Past TimesEd

3rd October 2003 at 01:00
75 years ago October 6 1928

We have lost, in these days of speed and restlessness, a method of education that our great-grandparents highly prized, both for its intellectual and moral value-that is to say, the lesson which belonged not to the classroom but to the great world without, which arose out of and satisfied childish interests, which covered large tracts of knowledge in a pleasant way, and which ended in a moral so direct and obvious that the child seemed to gain from the experience a lesson that would be of use and help to him throughout his life...Let us turn to the illustrious Mrs Sherwood of a century ago, remembered now, alas, only for her much-read book The Fairchild Family, which uplifted, consoled, warned, and terrorised the inhabitants of the nurseries of three generations ago.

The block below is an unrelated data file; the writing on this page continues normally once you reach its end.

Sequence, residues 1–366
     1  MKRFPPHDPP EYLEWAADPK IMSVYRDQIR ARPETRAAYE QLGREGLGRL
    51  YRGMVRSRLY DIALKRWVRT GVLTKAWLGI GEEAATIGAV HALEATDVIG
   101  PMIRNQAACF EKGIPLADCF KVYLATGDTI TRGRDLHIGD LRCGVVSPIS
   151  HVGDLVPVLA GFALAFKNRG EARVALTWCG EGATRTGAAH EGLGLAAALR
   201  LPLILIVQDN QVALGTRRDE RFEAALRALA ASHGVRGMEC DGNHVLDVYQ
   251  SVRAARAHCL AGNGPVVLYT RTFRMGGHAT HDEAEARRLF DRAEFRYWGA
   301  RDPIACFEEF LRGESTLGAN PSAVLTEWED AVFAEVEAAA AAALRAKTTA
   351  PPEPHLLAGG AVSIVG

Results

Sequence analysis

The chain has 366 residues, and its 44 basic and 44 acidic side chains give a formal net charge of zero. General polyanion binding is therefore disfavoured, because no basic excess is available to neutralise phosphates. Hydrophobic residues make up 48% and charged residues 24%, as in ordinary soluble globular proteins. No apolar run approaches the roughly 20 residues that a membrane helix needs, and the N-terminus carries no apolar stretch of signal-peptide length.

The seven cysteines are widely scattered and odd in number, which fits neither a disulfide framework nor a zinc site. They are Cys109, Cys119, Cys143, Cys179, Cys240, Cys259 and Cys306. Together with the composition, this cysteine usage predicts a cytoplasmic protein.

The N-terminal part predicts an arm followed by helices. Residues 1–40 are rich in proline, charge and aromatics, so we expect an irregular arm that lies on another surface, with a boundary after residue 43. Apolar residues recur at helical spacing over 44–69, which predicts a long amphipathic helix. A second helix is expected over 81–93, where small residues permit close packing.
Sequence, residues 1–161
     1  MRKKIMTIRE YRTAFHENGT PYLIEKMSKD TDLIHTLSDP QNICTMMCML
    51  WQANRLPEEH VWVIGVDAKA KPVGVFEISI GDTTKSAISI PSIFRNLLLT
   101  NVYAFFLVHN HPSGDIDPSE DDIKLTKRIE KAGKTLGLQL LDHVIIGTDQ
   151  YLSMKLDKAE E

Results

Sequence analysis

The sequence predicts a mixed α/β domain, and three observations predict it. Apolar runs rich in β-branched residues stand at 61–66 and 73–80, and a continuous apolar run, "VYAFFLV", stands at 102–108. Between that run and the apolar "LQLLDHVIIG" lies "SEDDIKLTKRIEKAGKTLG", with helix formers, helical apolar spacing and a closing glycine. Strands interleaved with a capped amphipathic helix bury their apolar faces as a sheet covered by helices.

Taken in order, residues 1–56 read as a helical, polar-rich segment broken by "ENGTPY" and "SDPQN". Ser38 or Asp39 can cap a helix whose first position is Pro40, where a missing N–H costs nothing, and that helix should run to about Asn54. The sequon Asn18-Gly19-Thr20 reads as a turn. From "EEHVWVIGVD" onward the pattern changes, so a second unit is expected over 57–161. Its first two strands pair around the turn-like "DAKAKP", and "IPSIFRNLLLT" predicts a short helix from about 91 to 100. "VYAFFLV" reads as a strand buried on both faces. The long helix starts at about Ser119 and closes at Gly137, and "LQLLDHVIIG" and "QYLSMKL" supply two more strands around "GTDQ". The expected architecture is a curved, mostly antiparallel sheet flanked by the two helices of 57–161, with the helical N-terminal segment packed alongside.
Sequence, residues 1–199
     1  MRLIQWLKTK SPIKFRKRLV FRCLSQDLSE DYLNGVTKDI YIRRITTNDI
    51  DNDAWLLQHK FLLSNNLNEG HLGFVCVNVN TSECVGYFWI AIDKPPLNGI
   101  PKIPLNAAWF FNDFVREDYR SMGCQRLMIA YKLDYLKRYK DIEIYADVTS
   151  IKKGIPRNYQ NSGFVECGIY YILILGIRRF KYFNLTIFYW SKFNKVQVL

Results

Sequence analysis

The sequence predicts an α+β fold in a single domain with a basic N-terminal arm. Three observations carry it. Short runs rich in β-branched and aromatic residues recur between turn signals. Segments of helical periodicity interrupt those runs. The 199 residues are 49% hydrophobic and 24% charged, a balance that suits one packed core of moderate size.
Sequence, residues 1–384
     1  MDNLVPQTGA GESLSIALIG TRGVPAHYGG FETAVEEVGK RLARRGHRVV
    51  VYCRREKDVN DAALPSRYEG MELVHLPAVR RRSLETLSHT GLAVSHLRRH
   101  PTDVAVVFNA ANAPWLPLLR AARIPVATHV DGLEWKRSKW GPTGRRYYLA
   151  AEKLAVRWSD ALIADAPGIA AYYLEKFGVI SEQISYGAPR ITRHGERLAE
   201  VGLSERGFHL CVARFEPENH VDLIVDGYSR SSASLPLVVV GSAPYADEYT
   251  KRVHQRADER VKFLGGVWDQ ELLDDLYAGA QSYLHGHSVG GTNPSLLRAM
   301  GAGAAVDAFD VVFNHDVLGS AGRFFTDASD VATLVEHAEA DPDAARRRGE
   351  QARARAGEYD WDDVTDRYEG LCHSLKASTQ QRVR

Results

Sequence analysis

50 years ago October 2 1953

Children in the audience are again attracting attention - at the expense, one fears, of the actors on the stage...Correspondents to the Daily Telegraph are returning to the charge. One writer voiced the fear that children are corrupted by seeing Hamlet - if any of them understand it.

Another, while expressing "callous indifference" about that, complains that he has "suffered much" from the presence of children at the theatre. He does not consider the young things to blame: the fault lies rather with "those idealistic adults who believe that the children should be led to the Bard"; and he suggests that when school parties are expected, adults should be warned of the "impending din".

25 years ago October 6 1978

Mrs Margaret Thatcher was challenged by Mrs Shirley Williams to say exactly what Conservative education policies were during a speech at the Labour Party conference in Blackpool. Mrs Williams spoke derisively of the "educational shambles" presided over by Mr Norman St John Stevas, the Conservative education spokesman and his junior, Dr Rhodes Boyson. "Blessed Norman, otherwise known as Tweedledum and Tweedledee, stone-age Dr Boyson", she said, were only united on two issues. "One is a desire to perpetuate some selection in some form; the other is a wish to become education minister."

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